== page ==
Now, we know that someone will search for “Why isn’t my content marketing working?” and look at the meaning. We can now create truly user-friendly and meaningful titles that don’t feel like we’re overly optimizing our pages, because Google will essentially derive the meaning from the query and match it to pages that seem to answer that question most accurately, thoroughly and with quality information.
Feels like maybe Google’s getting a little TOO smart?
Again, another topic that’s been covered ad nauseam. Make sure your website is mobile friendly. Google’s all over it. Why? Content that is presented via desktop layout on a mobile screen is hard to consume, and probably dated. Mobile friendly content also decreases your bounce rates and improves consumption, giving you a slight bump to your Google rank, according to Search Engine Journal.
According to the TheNextWeb, maintaining and sharing content on your social channels is critical. Between the value that Google and Bing place on shares and likes, and how active your brand is on sites like Twitter and LinkedIn, your social channels might actually show up in search before your actual website. Make sure that you’ve got an audience to distribute and share your content—because even if you don’t think your buyers are active on social media—YOU are. It can directly impact your SEO efforts.
There is already plenty written about long-tail keywords. Long-tail keywords are specific keyword phrases that are at least 4 words in length. They’ll result in fewer searches, but those searches will be more targeted, resulting in high-quality search results. Also, according to Wordtracker, “Highly specific multi-word phrases tend to be far easier to rank well for than the more generic single keyword or double keyword phrases.”
What About Keywords?
In our experience, combined with the above approaches, we find that there’s a simple rule to follow when optimizing your content. Make sure that your keyword phrases appear in content naturally, are in the page header, your title tag, and the pages meta description. At this point, anything else might be seen as black hat SEO.
Neil Patel’s Approach to Content that Google Loves
I recently was reading Neil Patel’s blog over at QuickSprout. (if you don’t read it, you should), because that’s why we’re here today. In his post he lays out 5 ways to create content google wants to rank. Stop reading this post and head over there now, I’ll wait.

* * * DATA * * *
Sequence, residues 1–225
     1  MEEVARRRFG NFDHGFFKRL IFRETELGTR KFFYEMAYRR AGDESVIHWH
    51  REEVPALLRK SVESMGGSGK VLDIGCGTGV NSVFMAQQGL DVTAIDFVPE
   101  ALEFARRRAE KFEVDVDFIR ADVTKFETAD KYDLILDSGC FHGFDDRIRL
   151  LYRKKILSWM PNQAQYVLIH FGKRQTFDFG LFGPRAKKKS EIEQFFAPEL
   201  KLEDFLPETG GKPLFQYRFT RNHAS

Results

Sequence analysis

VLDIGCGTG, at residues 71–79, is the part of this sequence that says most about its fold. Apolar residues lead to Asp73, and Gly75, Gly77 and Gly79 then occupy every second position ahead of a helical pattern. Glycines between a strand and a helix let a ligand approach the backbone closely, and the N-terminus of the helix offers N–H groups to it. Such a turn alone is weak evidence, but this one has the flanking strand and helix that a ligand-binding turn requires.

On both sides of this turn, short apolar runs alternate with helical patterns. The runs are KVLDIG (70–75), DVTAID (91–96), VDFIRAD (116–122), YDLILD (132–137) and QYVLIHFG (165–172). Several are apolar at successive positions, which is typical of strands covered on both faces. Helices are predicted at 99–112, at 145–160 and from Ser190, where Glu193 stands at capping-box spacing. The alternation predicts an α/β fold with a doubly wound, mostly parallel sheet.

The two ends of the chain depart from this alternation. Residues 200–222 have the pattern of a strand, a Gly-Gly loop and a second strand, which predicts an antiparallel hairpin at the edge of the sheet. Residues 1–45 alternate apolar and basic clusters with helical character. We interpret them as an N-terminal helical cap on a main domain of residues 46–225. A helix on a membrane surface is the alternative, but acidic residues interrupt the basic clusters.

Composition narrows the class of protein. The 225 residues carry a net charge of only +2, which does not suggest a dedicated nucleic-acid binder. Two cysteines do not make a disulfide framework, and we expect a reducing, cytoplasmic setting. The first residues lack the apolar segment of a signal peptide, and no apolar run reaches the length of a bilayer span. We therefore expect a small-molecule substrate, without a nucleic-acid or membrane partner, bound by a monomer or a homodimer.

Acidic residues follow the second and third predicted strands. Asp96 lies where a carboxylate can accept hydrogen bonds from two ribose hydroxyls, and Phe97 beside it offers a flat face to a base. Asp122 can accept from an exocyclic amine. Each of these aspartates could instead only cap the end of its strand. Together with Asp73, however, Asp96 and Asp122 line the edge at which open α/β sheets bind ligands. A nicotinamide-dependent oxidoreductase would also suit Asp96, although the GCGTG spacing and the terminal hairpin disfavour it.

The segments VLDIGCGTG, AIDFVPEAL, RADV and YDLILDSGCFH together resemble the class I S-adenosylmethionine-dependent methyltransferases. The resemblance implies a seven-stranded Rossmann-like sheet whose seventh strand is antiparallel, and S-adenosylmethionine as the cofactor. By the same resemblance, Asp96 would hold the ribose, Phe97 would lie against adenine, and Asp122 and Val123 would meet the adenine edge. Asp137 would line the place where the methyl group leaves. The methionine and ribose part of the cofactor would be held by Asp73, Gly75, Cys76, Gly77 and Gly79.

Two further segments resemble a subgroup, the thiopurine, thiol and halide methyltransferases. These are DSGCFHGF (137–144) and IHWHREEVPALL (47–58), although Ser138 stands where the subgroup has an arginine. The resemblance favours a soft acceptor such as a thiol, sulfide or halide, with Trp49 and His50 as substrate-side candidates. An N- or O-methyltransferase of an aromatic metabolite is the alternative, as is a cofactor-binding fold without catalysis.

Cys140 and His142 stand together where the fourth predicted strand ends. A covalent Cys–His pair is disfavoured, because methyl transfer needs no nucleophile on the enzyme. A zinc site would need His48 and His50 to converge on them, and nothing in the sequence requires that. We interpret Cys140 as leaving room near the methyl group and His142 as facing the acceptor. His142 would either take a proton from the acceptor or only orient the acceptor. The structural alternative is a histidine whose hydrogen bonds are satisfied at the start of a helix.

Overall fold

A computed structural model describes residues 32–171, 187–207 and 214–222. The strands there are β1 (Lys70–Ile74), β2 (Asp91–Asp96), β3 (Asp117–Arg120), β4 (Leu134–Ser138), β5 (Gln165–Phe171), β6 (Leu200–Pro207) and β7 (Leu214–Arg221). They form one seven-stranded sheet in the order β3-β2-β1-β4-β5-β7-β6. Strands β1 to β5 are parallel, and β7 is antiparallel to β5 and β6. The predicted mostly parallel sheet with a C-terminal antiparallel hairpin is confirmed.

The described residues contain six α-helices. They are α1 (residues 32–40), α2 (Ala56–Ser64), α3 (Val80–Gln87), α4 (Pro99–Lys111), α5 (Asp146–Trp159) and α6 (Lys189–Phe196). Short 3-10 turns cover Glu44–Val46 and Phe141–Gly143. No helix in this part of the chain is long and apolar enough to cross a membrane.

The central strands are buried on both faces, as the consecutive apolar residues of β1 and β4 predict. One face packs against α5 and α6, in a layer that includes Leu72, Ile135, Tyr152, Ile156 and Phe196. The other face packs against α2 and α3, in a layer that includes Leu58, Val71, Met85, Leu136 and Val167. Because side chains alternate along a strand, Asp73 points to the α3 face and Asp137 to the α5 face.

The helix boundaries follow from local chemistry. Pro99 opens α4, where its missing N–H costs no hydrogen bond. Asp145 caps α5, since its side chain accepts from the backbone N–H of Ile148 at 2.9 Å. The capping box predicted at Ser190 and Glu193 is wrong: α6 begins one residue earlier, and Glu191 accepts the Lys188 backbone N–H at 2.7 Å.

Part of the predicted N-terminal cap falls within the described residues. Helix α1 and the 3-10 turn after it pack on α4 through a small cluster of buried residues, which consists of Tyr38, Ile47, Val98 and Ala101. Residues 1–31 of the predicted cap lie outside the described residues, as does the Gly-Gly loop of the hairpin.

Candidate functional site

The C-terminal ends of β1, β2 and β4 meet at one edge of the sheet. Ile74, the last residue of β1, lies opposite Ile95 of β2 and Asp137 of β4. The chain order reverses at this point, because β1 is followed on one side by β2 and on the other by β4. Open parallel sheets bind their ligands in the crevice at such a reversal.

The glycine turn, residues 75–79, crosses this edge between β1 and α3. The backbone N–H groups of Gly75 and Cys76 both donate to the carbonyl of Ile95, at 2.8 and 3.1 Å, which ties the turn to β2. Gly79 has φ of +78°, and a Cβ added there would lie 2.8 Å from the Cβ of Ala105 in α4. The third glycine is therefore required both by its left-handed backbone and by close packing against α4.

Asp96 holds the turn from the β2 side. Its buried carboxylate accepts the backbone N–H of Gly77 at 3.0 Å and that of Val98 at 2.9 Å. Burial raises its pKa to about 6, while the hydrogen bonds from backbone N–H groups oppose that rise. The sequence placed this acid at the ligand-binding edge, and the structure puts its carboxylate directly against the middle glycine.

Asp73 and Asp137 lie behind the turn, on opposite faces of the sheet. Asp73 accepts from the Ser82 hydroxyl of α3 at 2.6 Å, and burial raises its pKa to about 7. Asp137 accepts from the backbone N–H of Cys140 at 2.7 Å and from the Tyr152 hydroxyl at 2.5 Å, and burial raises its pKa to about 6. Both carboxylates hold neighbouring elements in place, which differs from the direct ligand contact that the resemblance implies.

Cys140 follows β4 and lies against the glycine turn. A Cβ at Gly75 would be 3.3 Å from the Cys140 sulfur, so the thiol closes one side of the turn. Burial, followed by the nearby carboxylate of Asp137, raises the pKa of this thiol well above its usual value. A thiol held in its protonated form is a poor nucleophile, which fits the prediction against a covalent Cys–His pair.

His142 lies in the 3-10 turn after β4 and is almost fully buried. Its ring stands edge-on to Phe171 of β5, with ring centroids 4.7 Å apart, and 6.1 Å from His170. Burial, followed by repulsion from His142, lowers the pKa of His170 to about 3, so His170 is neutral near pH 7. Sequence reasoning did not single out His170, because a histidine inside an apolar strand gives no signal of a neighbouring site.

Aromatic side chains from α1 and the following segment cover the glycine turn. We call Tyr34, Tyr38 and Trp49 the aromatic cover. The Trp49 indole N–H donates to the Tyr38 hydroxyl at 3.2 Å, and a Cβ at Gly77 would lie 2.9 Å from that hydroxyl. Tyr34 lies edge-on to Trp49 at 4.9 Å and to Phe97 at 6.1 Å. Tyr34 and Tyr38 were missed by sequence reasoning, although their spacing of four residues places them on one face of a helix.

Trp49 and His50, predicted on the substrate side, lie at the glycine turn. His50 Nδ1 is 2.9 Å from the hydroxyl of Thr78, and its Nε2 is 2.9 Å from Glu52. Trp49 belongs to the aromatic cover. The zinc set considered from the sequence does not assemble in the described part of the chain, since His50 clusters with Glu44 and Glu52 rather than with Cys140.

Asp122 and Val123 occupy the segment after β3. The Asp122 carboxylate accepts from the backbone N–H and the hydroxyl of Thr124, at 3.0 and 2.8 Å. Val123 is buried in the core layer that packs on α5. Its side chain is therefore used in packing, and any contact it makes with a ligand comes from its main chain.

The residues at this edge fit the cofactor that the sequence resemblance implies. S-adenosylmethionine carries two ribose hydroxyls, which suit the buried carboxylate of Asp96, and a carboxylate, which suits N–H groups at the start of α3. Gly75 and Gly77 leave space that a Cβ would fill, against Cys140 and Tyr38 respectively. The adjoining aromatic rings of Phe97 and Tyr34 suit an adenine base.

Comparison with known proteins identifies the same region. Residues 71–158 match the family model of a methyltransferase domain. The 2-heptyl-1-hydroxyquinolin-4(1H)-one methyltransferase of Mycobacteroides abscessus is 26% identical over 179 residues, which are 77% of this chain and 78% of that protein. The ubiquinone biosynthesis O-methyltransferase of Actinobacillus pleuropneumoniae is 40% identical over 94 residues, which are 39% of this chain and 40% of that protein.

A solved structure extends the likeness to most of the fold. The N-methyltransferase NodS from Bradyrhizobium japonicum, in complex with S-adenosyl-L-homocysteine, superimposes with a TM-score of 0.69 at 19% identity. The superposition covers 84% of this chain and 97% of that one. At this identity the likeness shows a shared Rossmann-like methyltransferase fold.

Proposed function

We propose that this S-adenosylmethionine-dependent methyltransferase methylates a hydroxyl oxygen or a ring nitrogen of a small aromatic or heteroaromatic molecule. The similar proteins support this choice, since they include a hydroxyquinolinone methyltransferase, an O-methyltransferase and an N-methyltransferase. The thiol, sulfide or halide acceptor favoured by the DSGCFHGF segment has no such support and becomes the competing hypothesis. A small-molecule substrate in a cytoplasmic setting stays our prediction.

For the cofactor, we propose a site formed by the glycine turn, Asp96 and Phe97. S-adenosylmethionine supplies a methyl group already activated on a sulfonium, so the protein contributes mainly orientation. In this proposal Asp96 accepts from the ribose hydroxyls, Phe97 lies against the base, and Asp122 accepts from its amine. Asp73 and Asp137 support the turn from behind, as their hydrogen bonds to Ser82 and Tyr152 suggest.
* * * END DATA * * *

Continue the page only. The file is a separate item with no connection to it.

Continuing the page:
Ok, back? I’ve enjoyed a slightly-too-hot cup of Caffé Verona Dark while you were gone.
You totally didn’t read that whole thing did you? That’s because it weighs in at over 4,000 words. Have you ever written 4,000 words? For a blog? Yeah, me either. The closest I got was the post we’re talking about today, and that clocks in at just a little over 2,600 words, and that was brutal. I’m pretty sure Neil’s got an army of dwarfish scribes hidden away some where writing for him. Either way, 4,000+ words is outstanding, considering how many posts he unleashes a week. I read a good portion of his post, skimmed a bit of it, and took away a couple of key points (jump to the bottom right before the comments):
- Make sure your post is longer form, quality and in-depth content (although 4,000 words is a bit much). According to Neil, “packing in more information is usually better for the user, which is what search engines want… My personal experience shows that such posts are more shareable as well, which is an indicator of their usefulness…”
- Make it clear and simple (actionable)
- Make it user-friendly (mobile SEO anyone?)
- Support it with experts and stats (external links help a lot with SEO)
- The fifth point can be challenging at times: give users multiple options to take action (i.e., do it yourself, pay someone else to do it)
I really enjoy Neil’s posts, since I learn something new every time.
The “What We Did” SEO Checklist
Following Neil’s suggestions and what we’ve seen as best practices for SEO in 2015 from reliable sources, we then applied what we know about understanding B2B buyers, creating content marketing strategies that solve problems, and delivering content that readers want to share. Here’s the breakdown:
1. Develop Adaptive Personas
We’ve covered the benefits of developing buyer personas to drive leads, but the focus here is SEO. How does a buyer persona drive your rank on Google? A properly developed persona tells you what your buyers challenges are, what their pain points are, and what they are searching for and what terms they use to search. In short, your persona will determine what long-tail keywords you should be leveraging in your content marketing strategy.